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NYC fails controversial remote-learning snow day ‘test,’ public schools chancellor says

It’s the first time NYC Public Schools have implemented remote learning on a snow day since the district introduced the no-snow-day policy in 2022.
Image: Large Winter Storm Brings Snow To The Northeast
People walk through the blowing snow in Manhattan on Tuesday as a large winter storm makes its way across the area in New York.Spencer Platt / Getty Images

New York City's public schools chancellor said the city did not pass Tuesday's remote-learning “test” because of technical issues.

“As I said, this was a test. I don’t think that we passed this test,” David?Banks said at a news briefing, adding that he felt "disappointed, frustrated and angry" as a result of the technical issues.

NYC Public Schools did a lot of work to prepare for the remote-learning day, Banks said, but shortly before 8 a.m. they were notified that parents and students were having difficulty signing on to remote learning.

Follow along for live coverage of the storm

It is the first time the school system has implemented remote learning on a snow day since it introduced the no-snow-day policy in 2022. The district serves 1.1 million students in more than 1,800?schools.

Banks blamed the technical issues on IBM, which helps facilitate the city’s remote-learning program.

“IBM was not ready for prime time,” Banks said, adding that the company was overwhelmed with the surge of people signing on for school.

IBM has since expanded its capacity, and 850,000 students and teachers are currently online, Banks said.

“We’ll work harder to do better next time,” he said, adding that there will be a deeper analysis into what went wrong.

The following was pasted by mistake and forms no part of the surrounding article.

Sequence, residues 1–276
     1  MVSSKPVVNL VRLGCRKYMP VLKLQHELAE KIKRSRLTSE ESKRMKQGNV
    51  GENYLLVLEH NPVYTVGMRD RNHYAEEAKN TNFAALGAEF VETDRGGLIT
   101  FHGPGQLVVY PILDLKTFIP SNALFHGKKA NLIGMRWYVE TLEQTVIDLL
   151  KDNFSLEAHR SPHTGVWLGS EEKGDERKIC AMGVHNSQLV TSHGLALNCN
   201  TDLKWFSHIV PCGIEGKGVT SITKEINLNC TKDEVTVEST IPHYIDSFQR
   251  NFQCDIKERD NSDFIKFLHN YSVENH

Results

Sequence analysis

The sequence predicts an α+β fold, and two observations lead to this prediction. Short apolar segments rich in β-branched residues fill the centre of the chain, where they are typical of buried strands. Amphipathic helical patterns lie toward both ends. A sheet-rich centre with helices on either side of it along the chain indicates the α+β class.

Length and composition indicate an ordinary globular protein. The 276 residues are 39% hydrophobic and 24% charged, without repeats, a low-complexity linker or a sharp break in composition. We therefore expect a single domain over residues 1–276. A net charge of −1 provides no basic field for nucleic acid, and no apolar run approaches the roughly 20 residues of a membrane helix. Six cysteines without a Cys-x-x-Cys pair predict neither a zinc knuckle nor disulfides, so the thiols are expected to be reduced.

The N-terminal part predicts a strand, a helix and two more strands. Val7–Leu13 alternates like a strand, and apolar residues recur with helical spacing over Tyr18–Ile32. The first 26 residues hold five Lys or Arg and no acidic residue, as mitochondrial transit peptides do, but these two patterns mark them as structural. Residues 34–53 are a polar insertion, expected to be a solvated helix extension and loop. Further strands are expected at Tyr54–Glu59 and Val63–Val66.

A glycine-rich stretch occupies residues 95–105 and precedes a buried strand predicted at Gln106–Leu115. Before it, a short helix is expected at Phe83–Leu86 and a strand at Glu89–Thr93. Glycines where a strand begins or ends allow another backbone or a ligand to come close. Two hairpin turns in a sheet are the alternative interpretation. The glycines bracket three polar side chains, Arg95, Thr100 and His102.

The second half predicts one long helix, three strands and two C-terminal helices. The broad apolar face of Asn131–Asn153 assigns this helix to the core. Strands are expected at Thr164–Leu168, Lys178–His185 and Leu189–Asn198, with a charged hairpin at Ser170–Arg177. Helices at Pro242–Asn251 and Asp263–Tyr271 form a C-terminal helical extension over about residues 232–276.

The new system is controversial among parents who lament the end of the snow days of their childhoods, dread a return to the frustrations that remote learning caused during the pandemic and argue that online learning is a far cry from the classroom.

On Monday, Mayor Eric Adams said parents who are not willing to navigate computers for their children’s remote learning represent “a sad commentary.”

Adams defended his words Tuesday, saying they were related to a specific question he was asked about parents who do not want to sign on to remote learning.

“That is not the energy we should be showing right now. Our children have to catch up. They need to be engaged,” he said.

Adams also blamed IBM for Tuesday’s remote-learning issues, saying he hopes the company will be able to provide the product the city is paying it for.

“IBM, I’m hoping this was a teaching moment for them, as well," Adams said.

In a statement, IBM said it has been working closely with New York City Public Schools "to address this situation as quickly as possible."

An IBM spokesperson said, “The issues have been largely resolved, and we regret the inconvenience to students and parents across the city."

New York City Public Schools were the outlier in implementing remote learning during Tuesday's storm. Hundreds of districts in Boston, Connecticut, Philadelphia?and?New York were shuttered for snow days.

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